Will Big Brother ever get out of its rut?

The show's executive producers talk about whether the format will ever change

Big Brother‘s format is far more controlled than Survivor‘s, and it’s generally served the show well for the past 15 seasons, delivering power shifts that keep the drama ramped up. But its weakness has become apparent this season, because a large alliance has dominated and prevented any power shifts.

By all indications, the production is doing everything right: There’s a strong cast of relatively complicated people (well, for the most part, coughVictoriacough), and there’s stronger editing and production design (the comic book covers for Wednesday’s veto competition were particularly strong, designed by artists fromMarvel, DC, and Red Anvil). Amid the recycled challenges have been some really strong new challenges, and the introduction of the two Heads of Household and the Battle of the Block competition added a layer that’s potentially interesting.

Yet after a really crazy start, this season became pretty predictable and boring. The two HOH twist comes across like a speed bump on the way to the normal trajectory. The Team America attempts to create drama haven’t worked.

Even the usually dramatic fast-forward episode of Big Brother last night failed to deliver any drama at all, save for Donny’s challenge win, and only because it seemed to nearly knock him unconscious. Jacosta and Hayden were evicted, and despite talk of turning on certain people (Zach, Frankie), most players seem to recognize that it’s in their best interest to maintain the status quo. Ultimately, they’ll be forced to turn on each other, but by then, will anyone care?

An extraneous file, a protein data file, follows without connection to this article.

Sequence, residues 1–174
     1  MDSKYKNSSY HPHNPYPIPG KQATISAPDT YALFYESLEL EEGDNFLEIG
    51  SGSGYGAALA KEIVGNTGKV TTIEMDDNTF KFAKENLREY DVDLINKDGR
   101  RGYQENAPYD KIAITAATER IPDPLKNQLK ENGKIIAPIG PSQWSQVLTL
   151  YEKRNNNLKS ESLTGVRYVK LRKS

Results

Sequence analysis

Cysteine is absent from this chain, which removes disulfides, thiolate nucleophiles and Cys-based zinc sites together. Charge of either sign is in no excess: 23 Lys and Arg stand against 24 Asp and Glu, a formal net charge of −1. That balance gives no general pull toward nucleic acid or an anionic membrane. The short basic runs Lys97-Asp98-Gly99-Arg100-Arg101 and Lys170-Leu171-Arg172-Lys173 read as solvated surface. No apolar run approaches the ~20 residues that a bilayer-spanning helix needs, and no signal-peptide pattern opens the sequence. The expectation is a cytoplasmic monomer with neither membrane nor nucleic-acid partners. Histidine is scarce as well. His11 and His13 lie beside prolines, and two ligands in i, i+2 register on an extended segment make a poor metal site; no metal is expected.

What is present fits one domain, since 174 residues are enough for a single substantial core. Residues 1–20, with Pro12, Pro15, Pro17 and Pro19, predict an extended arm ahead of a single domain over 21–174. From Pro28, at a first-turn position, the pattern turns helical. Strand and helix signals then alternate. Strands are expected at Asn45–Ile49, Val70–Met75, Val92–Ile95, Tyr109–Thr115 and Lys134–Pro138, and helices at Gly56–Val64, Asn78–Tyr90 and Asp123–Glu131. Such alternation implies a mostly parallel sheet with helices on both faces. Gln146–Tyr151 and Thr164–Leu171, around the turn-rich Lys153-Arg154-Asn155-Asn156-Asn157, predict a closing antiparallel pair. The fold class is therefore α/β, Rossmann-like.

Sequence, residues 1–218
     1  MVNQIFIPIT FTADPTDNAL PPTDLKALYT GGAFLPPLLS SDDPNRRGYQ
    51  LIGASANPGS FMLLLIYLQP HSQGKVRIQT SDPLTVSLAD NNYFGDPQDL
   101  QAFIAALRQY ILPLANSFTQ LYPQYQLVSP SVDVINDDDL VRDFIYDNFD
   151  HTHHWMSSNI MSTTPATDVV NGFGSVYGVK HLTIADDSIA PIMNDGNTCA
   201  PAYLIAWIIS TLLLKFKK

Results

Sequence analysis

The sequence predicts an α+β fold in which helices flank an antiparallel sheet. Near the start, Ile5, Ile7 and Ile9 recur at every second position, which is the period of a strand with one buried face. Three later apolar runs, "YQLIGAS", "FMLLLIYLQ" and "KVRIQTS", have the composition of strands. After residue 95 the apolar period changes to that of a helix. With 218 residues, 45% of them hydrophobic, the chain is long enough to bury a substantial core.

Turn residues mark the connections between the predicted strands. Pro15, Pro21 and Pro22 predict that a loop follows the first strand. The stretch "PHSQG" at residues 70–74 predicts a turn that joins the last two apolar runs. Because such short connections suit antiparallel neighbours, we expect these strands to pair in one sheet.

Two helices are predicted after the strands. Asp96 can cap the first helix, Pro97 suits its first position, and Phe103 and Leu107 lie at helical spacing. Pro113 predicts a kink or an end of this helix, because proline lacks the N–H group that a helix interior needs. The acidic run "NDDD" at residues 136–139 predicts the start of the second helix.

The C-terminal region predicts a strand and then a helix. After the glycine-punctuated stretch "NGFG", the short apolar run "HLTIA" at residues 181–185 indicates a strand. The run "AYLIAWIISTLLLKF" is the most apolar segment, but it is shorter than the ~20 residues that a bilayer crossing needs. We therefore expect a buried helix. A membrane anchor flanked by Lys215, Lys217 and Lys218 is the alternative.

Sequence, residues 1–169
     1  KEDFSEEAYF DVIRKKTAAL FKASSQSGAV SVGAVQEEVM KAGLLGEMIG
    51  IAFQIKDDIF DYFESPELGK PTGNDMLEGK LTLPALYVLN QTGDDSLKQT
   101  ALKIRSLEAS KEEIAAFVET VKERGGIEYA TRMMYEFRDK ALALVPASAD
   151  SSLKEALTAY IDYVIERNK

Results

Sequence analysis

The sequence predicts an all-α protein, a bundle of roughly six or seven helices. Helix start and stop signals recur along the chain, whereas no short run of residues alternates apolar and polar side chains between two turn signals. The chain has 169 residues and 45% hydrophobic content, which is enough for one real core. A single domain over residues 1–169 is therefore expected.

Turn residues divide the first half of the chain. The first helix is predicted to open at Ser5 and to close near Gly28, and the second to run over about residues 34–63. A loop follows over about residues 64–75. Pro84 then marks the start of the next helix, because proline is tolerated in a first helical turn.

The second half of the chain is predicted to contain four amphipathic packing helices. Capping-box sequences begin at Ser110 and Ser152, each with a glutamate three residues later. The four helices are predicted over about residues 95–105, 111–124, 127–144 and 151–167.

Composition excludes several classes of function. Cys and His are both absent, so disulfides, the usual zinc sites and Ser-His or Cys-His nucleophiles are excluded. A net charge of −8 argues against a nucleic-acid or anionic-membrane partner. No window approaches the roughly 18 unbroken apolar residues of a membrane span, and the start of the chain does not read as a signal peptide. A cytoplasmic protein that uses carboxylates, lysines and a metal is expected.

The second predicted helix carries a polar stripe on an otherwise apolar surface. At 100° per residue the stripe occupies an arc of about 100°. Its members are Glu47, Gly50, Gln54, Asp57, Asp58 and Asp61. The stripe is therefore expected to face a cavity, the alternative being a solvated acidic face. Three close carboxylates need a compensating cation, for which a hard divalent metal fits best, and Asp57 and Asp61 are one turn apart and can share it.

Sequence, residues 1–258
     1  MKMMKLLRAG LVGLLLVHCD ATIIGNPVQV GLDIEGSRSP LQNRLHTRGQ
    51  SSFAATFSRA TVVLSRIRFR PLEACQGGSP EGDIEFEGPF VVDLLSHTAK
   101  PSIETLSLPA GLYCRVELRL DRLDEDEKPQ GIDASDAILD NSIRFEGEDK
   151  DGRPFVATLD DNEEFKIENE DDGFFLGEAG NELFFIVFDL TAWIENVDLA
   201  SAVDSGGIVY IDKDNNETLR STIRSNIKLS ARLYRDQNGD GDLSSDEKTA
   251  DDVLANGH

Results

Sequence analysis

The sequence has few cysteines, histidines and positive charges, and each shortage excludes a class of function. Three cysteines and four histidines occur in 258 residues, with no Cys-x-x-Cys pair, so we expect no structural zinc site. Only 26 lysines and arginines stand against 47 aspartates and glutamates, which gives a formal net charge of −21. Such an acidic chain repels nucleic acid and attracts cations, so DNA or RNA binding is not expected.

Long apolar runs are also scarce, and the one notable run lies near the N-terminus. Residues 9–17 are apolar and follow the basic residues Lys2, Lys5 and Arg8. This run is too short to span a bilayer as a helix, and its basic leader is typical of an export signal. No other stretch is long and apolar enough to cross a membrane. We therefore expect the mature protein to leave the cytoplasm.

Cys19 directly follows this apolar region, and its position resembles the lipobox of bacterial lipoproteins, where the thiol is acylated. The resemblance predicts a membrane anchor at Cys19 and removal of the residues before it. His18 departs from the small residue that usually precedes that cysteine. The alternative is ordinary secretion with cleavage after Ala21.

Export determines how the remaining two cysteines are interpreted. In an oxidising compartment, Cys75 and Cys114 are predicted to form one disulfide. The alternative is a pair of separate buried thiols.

As a result of all this, season 16 has even been called the worst season ever, though I’d take a boring season over an insanely bigoted one any day.

It may suddenly shift; that’s the power of the format and the fun of reality TV competitions, where the players choose how to play. But week after week of nothing new has left me thinking about whether the format is too limiting because of the way it narrows choices. Having a HOH nominate two people creates targets but also, as we’ve seen this season, can minimize drama or action.

Compare it to the format on Survivor, where nearly anyone can go home every three days; on Big Brother, post-veto, nearly everyone is safe for more than half a week. Meanwhile, players can be sent home without a chance to save themselves, which can occasionally be dramatic but rarely functions as a blindside.

A few weeks ago, the week after Devin’s eviction when things first slowed down, I asked Big Brother‘s producers, Allison Grodner and Rich Meehan, if they’d ever consider shaking up the game even more dramatically than they did this year, such as getting rid of the veto.

Big Brother executive producers Allison Grodner and Rich Meehan. (Photos from Fly on the Wall Entertainment)

Big Brother executive producers Allison Grodner and Rich Meehan. (Photos from Fly on the Wall Entertainment)

Grodner said “we’re always looking for ways to refresh the show,” and citing “new changes to the ceremonies,” the lack of black-and-white flashbacks “at the top of the show,” and the two HOHs,  she said, “it doesn’t have to stay stagnant.”